#Coldplay and What The Fuss!

In today’s world anything and everything can become news and some topics tend to catch random rapid fire. Well, this time the British rock band Coldplay is the chosen one.

So, what’s the noise about? I ask myself. To find the answer, I did a quick internet search, followed the ongoing twitterati wraths and spent time playing the “Hymn for the Weekend” over and over again.

Here’s what I found…
Well, the video has been accused of the following it seems:

  • Clichés shown in the video of how the west perceives India
  • Chris Martin “feeling drunk and high”
  • Beyonce in flashy clothes, loads of jewellery, awkward headgear and hands decorated in henna.
  • Holi and Diwali festivals together
  • Slumdog part 2 comparisons

To sum up the points, the video song has been accused of a term called ‘Cultural appropriation or misappropriation’. Cultural appropriation is when elements of one culture is adopted or used by members of a different culture for gainful purposes.

And what I feel….
Now the first thing I must tell you is that India is my country and I am its citizen. If something defines me then it’s the bright colours and illuminating diyas, religious diversity and festivals, native languages and regional dance forms, relationships and bonding, agriculture, spices and saffron clad sadhus. And I am a consumer of Patanjali’s Aloe Vera juice too. That’s my incredible India and I am proud of it.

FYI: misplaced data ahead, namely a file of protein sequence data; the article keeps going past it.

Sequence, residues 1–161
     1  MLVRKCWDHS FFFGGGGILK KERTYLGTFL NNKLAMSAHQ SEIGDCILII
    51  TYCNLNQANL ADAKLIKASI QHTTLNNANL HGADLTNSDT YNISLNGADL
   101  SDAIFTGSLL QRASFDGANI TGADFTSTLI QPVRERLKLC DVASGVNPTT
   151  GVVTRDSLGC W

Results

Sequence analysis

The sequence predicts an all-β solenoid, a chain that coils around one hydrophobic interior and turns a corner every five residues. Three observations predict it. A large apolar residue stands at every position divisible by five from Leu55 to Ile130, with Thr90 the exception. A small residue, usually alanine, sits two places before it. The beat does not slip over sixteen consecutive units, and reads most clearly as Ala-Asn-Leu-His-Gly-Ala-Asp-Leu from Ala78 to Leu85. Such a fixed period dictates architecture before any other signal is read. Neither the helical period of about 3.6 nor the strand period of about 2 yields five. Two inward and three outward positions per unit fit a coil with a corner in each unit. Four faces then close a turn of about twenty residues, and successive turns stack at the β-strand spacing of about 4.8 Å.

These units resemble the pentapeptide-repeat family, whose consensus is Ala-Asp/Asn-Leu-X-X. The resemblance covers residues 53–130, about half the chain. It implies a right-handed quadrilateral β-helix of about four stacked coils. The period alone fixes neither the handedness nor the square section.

So, considering the various clichés in the video as someone pointed out on the internet, I think all of these things translate into my incredible India which always leaves the west in its awe. It’s the richness of our culture that attracts international tourists to India. I also do know that as a country we have developed into a more modern nation with more urbanised cities having stunningly high degree of sophisticated infrastructure and night clubs. But aren’t these things borrowed from the western world? Well, I hope not that you were expecting the video to contain ‘Firangi Paani’, Café Coffee Days and Nariman Point.  Why are we getting worked up on how the west sees us and that too when our own people portray us in a much similar way or may be more as shown in this video. And we all love this video, don’t we?

Cultural Appropriation?
As for Beyonce, she looks delightful as a Bollywood Queen both in her fancy attire and dusky skin. And that is a change we must bring around in a nation so obsessed with fair skin.

Still the video didn’t put as offensive stuff as compared to what we do in our Bollywood films using the white girls in bare minimum outfits and making villain out of the dark skin people as rightly pointed out by this site. Now what would you call this; Cultural appropriation or racism?

Hate Slumdog but Love ‘Jai Ho’